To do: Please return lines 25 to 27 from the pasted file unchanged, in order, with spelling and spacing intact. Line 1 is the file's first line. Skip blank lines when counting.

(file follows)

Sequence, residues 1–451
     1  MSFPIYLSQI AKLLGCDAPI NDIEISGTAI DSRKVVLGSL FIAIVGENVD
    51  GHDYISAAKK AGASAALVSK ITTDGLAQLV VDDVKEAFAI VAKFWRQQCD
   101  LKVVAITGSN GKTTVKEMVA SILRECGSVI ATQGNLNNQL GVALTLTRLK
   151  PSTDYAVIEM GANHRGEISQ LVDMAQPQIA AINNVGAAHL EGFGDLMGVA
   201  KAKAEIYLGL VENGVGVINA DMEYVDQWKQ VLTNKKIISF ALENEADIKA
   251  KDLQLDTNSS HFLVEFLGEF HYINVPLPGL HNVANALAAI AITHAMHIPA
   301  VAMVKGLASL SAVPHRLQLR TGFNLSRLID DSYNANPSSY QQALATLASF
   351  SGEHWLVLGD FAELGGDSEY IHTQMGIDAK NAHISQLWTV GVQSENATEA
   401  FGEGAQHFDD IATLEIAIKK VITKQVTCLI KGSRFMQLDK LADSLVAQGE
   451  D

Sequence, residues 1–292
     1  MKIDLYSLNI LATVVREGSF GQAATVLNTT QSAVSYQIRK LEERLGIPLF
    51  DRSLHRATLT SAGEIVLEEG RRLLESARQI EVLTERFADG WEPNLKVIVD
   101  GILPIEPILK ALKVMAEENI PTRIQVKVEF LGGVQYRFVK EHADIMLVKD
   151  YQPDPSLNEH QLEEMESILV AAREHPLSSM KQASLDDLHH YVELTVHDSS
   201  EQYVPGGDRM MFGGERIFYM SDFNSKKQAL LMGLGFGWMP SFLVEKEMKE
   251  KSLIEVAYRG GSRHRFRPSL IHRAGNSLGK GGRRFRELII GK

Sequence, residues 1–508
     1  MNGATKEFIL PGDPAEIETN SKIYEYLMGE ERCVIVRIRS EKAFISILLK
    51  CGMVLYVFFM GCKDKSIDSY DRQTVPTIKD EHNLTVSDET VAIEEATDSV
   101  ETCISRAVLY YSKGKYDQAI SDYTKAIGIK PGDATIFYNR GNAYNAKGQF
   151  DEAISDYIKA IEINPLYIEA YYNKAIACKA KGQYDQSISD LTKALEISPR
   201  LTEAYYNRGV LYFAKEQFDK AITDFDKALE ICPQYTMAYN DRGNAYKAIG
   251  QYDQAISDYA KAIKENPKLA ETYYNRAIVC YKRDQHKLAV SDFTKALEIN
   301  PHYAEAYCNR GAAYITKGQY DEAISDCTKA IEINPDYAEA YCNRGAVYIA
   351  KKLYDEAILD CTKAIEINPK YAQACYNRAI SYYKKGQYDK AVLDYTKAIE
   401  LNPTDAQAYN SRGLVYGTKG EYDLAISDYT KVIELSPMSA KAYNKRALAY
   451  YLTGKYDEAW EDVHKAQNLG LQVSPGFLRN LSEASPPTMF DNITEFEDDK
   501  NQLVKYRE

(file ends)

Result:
   251  QYDQAISDYA KAIKENPKLA ETYYNRAIVC YKRDQHKLAV SDFTKALEIN
   301  PHYAEAYCNR GAAYITKGQY DEAISDCTKA IEINPDYAEA YCNRGAVYIA
   351  KKLYDEAILD CTKAIEINPK YAQACYNRAI SYYKKGQYDK AVLDYTKAIE